I’ve acted for many private doctors: a heart surgeon, an O&G specialist, and those cases are memorable because there’s a very strong human dimension to it. Take the case of an O&G surgeon several years ago who delivered a baby who then had cerebral palsy because the baby was mentally and physically deformed due to a lack of oxygen to the brain during the critical period (when the baby is passing through the birth canal — he spent too long there)."
Because winning isn't everything for a lawyer — at least, not this one.
"(The parents sued for damages on charges of negligence, but) In the end (our case) was successful and we resisted the claim entirely. But it was still a very difficult thing to do, because the child was brought to court on some occasions, in the wheelchair, with the ventilator; those are the moments that make practice tough. CHC is not tough, it’s a money case after all.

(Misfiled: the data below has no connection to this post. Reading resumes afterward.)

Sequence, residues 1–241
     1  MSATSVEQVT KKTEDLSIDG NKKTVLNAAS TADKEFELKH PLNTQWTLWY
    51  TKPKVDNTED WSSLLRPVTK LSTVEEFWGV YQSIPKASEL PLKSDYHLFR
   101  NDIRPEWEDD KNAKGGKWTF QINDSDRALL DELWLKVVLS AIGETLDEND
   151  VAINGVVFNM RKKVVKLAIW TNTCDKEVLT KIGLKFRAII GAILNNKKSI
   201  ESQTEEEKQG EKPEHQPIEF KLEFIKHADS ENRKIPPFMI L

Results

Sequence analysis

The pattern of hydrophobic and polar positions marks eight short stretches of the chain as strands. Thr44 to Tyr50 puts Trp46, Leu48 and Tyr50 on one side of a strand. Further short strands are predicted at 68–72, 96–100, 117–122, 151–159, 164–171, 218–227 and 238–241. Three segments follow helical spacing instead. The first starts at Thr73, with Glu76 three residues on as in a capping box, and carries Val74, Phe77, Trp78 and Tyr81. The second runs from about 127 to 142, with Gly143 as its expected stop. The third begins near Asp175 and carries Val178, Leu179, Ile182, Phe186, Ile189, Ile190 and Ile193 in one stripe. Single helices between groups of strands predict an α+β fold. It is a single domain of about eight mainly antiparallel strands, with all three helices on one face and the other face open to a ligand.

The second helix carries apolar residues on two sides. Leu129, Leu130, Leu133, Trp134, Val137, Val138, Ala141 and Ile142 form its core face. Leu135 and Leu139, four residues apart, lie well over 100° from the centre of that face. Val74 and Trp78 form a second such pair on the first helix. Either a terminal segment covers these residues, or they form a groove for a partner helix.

However, that case was tough. Because my interest was in defending the doctor, and I believe that medically, the doctor did everything possible. You can’t guarantee the health of everybody. You can only guarantee good standards, which is what the doctor had done.
But on the other side of the equation, is a child who is going to suffer for the rest of his life; likewise, for his parents as well. I remember I was still quite young in my practice when I took this case, and I was assisted by these two girls, who when I finished my cross-examination (of the mother), I looked back at them and they were tearing. It had a big impact.